The currency of South Africa is called the Rand, which means "ridge", and refers to the Whitwatersrand, a range of hills at about 1800 meters, running for a few hundred kilometers here toward the northeast of the country.  The Whitwatersrand is a vast resource of mineral wealth for the country, and it is estimated that nearly half of all the gold ever discovered on the planet comes from this area.  Much of the success of South Africa becoming the dynamo of the African economy is due to the mining that brought about the city of Johannesburg.

It was in 1961 when South Africa left the British Commonwealth, and became a Republic.  They decided to change their currency at the same time, away from the complicated British system of Pounds, Shillings and Pence, and the new currency they created was called the Rand.

Currently, the Rand is valued at about 12 cents US, which makes it somewhat difficult to grasp the prices of daily living.  It's a bit jarring to see prices in the stores, like 17 for a half gallon of milk (US$2), 55 for a movie ticket ($6.50) or 3500 for a television ($425).  But, prices for many things aren't too out of line with what I would pay at home once you convert them.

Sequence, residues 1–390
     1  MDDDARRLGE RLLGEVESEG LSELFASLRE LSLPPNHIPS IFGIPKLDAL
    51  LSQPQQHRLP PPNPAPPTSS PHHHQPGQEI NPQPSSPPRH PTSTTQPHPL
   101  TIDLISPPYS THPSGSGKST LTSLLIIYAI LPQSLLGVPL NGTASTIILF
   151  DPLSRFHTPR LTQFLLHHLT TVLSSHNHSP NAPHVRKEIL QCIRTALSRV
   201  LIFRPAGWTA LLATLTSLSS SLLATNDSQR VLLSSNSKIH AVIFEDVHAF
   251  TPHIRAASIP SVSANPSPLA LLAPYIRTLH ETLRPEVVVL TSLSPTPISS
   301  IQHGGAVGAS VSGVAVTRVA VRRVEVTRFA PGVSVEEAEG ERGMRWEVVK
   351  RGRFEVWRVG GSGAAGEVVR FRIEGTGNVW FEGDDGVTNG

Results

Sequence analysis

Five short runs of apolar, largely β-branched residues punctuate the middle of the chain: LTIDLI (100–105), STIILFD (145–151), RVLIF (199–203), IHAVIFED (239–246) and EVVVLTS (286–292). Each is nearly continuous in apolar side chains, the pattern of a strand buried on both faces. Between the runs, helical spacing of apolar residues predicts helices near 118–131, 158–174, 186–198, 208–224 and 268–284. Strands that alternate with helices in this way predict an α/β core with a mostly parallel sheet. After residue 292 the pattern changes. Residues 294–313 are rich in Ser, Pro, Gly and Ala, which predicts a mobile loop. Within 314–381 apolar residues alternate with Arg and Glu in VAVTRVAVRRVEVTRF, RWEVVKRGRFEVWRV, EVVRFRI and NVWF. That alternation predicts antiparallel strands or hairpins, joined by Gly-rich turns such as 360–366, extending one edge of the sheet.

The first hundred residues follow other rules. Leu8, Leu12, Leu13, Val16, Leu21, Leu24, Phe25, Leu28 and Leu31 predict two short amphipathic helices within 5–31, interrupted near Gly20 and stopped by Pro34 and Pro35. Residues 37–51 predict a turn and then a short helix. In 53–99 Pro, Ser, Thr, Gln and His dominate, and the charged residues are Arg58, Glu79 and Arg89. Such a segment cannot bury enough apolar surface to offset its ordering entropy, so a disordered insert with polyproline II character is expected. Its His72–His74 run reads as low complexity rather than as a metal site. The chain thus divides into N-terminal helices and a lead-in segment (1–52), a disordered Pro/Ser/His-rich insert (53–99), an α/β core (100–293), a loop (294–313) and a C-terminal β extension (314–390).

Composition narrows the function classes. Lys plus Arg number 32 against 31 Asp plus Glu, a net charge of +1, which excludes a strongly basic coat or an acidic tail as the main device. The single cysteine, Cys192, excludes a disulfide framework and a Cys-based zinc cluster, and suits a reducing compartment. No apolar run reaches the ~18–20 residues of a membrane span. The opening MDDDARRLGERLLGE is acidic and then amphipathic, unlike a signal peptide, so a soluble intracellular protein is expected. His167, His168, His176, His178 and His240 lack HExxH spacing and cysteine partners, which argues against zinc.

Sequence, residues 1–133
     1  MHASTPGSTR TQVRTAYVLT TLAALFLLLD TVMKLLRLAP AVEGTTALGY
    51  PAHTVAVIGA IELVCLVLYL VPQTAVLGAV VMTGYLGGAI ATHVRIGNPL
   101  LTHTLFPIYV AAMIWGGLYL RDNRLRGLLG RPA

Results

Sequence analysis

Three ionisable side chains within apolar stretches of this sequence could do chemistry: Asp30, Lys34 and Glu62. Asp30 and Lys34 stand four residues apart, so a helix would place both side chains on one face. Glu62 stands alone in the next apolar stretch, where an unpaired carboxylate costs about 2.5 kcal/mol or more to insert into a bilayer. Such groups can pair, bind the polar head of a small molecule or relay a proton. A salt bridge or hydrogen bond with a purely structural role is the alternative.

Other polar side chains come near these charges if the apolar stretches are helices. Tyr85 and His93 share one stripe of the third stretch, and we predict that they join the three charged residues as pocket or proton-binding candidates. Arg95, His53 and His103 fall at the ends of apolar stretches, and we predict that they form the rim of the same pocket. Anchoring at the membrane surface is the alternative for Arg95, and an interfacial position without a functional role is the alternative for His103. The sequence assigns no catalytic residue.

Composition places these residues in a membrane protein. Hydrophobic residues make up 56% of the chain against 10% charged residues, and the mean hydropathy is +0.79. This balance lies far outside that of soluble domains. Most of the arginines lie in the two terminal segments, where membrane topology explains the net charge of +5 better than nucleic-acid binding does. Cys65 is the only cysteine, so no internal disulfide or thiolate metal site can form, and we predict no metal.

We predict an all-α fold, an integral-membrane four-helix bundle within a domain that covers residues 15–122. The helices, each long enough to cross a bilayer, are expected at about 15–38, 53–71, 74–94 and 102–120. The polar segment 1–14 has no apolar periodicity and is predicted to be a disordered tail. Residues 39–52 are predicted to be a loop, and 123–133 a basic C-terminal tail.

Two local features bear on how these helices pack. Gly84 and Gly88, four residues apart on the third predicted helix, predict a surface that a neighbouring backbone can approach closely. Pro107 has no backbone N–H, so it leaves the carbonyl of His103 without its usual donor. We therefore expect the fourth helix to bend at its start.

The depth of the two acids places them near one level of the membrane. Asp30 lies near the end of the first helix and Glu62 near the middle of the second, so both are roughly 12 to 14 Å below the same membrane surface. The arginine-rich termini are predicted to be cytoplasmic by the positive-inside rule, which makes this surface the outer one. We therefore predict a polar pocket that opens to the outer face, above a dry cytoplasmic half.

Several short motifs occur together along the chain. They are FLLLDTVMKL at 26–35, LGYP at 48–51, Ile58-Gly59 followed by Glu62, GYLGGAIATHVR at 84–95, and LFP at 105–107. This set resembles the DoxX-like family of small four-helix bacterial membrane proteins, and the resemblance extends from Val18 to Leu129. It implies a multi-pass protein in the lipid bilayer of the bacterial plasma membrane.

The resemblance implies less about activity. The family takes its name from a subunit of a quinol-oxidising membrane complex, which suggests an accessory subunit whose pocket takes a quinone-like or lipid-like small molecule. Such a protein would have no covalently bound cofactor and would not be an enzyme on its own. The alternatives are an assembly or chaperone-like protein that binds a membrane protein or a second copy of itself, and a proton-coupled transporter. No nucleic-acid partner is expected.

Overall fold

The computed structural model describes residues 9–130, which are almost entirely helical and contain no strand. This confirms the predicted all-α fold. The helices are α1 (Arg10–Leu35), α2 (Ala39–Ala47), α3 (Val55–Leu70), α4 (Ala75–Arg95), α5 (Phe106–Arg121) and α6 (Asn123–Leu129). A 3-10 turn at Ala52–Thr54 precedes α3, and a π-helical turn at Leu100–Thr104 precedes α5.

The smallest coin currently in circulation is the 5 cent piece, worth about half a penny US.  When paying with cash, they just round off to the nearest .05, but sometime this year they will discontinue the 5 cent piece, and then the 10 cent piece (just over a penny US) will be the smallest coin.  The bills go up to just 200 rand, which is not quite $25...there aren't any bills larger, and the 200 rand bills aren't even that popular because of counterfeiting.

The coins aren't terribly exciting, but the bills are colorful, and feature the "Big 5"safari animals found in the country.